Skip to main content

Brexit: how a change in career path - and location - may impact family life

Britain is now in the midst of negotiations to exit the EU. It is trite to say that the ramifications will be felt far and wide, not the least for…

Britain is now in the midst of negotiations to exit the EU. It is trite to say that the ramifications will be felt far and wide, not the least for parents who have a sense of uncertainty as to their on-going career prospects within the UK. For separated parents, the possibility of being asked to move abroad, or simply seeing more secure career prospects overseas, is fraught with complexity. If a child’s parents end up living in two different countries, it is going to have a substantial impact on their upbringing.

If one parent is looking to move overseas and intending that the children move with them, then they will need the other parent’s agreement to make the move, or alternatively an order from the court. A parent whose work, and therefore livelihood, is being relocated overseas will have a strong incentive to make an application to the court for permission to remove the children from the jurisdiction. If there is sufficient time, however, trying to reach a collaborative or mediated agreement would be preferable to court. Such an approach would give the other parent time to adjust to the idea and the opportunity to contribute to a plan. Through either of these processes, it would properly be a joint decision and one therefore most likely to benefit the children moving forward.

If the parents cannot reach their own agreement, the court will assess the strength of the application for the children to move abroad. This will not only be on the basis that the opportunity allows for them to provide financially for the children but will also assess the extent to which appropriate housing and schools have been identified for the children, whether potential language and cultural differences have been taken into consideration, what the children’s own wishes and feelings are about a move, what the alternatives for the children would be if the application was refused and what plans are in place for the children to continue to maintain a strong relationship with the parent remaining behind.

Advice to anyone contemplating such a move, who anticipates resistance from the other parent, should be to start researching the resources available for the children in the new location and building up a picture of what their life would be like. As much information as possible can then be provided to the other parent, in advance of any discussion. It would also provide them with the opportunity to do their own research into schools, nurseries and neighbourhoods.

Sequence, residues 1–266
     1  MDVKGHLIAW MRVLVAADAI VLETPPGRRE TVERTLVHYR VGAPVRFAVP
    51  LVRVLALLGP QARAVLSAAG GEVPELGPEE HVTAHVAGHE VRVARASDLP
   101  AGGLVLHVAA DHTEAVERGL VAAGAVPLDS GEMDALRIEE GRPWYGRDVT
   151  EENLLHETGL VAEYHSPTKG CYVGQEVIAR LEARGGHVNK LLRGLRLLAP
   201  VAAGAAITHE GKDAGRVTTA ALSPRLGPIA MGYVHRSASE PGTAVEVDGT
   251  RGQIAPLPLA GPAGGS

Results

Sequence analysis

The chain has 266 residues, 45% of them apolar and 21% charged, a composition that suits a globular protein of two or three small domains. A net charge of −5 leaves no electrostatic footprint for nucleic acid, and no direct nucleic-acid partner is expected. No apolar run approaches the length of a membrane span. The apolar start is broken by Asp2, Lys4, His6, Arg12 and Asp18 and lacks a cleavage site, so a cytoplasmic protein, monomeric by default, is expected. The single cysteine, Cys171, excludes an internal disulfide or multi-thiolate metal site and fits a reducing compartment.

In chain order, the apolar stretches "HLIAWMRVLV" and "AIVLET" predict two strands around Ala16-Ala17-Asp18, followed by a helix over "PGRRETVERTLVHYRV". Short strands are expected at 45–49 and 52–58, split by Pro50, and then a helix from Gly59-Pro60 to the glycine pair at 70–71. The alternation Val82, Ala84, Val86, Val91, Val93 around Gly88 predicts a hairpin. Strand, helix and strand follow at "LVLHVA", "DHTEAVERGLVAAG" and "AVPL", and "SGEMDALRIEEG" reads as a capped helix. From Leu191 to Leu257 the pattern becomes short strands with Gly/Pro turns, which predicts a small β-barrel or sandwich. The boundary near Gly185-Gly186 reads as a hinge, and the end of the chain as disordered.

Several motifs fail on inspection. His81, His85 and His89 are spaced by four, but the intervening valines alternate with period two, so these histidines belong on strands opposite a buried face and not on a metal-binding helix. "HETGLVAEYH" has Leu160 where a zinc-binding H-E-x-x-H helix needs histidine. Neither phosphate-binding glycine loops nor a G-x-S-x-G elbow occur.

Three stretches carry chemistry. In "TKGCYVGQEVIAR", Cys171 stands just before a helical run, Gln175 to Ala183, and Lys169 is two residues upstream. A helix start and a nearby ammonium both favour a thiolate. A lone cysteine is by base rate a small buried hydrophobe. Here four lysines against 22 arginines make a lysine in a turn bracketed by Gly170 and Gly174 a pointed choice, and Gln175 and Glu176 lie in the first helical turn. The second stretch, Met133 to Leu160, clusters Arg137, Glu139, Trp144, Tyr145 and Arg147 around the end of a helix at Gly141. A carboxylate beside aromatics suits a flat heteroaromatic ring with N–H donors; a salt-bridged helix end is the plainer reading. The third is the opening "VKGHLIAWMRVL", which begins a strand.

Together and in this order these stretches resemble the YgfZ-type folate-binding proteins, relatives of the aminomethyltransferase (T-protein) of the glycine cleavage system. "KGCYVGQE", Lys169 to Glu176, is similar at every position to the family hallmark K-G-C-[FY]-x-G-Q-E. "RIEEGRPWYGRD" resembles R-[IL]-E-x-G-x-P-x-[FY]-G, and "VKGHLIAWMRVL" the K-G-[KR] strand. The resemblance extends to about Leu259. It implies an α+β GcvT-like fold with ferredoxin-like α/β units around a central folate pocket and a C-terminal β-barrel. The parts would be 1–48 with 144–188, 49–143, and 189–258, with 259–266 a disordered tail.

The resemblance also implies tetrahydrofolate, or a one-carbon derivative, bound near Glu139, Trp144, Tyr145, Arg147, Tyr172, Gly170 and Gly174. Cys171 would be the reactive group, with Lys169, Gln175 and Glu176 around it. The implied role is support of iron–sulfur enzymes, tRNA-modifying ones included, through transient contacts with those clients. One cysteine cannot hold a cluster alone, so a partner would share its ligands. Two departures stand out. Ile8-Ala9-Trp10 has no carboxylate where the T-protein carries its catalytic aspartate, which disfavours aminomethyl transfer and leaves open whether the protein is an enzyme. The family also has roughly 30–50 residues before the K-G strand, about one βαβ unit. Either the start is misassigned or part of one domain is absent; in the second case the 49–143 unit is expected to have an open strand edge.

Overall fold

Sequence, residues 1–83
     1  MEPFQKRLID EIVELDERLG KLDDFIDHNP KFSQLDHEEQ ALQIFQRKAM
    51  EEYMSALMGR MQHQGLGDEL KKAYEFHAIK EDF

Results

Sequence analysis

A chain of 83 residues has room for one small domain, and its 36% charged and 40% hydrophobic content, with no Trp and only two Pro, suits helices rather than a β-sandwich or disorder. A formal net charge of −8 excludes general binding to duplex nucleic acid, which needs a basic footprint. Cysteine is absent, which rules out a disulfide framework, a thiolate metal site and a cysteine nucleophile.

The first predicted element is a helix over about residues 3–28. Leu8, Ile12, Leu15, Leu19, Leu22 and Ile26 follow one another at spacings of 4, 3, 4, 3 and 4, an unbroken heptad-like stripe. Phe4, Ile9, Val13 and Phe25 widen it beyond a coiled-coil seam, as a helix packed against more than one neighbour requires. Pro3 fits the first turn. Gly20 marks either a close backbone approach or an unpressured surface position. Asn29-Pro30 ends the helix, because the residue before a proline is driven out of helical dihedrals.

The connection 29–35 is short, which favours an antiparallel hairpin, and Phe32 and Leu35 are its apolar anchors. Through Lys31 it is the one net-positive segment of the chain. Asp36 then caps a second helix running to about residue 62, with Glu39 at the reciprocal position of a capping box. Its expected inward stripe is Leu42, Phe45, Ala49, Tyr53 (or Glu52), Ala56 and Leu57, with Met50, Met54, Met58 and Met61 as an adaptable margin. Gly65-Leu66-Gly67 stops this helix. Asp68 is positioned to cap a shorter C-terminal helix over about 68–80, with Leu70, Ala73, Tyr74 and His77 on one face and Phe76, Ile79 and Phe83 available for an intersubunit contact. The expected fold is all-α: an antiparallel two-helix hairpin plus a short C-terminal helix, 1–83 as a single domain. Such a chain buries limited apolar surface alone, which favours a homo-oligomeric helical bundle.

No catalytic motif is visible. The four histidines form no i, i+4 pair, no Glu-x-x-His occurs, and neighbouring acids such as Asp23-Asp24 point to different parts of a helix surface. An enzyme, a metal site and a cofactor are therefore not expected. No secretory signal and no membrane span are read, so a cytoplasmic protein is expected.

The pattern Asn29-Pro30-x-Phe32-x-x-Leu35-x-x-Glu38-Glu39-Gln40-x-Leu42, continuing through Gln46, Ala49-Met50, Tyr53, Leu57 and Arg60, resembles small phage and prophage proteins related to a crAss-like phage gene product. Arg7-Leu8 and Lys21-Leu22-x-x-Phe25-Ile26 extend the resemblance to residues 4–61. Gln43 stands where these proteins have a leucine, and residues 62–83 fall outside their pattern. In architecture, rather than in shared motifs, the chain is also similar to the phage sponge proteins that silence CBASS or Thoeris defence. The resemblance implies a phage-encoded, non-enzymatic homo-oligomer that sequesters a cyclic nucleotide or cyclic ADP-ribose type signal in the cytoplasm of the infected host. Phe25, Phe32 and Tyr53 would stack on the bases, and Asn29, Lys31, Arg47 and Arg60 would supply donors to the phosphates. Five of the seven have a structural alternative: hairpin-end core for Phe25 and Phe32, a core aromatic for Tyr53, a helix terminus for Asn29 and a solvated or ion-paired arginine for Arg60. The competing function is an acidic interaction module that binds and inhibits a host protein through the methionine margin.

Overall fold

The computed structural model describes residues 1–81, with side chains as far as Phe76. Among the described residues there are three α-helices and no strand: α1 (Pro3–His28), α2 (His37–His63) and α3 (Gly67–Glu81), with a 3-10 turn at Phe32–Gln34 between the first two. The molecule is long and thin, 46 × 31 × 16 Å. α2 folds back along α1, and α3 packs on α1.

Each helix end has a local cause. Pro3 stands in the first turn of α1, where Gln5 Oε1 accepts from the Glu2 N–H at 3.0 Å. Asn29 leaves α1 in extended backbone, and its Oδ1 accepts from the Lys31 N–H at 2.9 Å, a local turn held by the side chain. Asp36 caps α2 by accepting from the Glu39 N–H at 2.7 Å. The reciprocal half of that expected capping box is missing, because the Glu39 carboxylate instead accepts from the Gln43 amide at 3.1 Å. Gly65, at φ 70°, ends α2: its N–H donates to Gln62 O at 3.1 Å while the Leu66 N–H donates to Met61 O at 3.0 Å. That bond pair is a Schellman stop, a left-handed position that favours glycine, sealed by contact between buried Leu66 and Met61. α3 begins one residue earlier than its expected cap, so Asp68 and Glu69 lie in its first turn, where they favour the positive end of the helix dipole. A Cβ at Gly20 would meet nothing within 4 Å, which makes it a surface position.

Conversely, a parent who thinks their former partner is making decisions about their children’s future without seeking agreement or providing full information about the arrangements, can consider making an application to the court for a prohibited steps order to prevent the children being taken out of the country, either at all or just until proper arrangements have been put in place (including arrangements for when that parent will see the children, advice being sought as to what steps can be taken in the courts of the other country to ensure that that court would enforce an order made in England or Wales, or alternatively whether a ‘mirror’ court order should be made in the country where the children are now to live).

A parent moving abroad for work, whose children will remain with their former partner in the UK, might want to ensure that the other parent will allow the children to travel outside of England and Wales to see their new home. This again is an issue that the courts can consider if the provision of thorough information at outset and an exploration of the issues in mediation, fails to end in agreement.

Relocating to another country to keep a job or progress a career is not insurmountable for a separated parent. There is no reason to rule anything out or narrow one’s options. As with all decisions effecting children, the decision to move would only fail if it were not deemed to be in the best interests of the children. Expert advice from a family law solicitor should be sought at an early stage of the planning/discussion.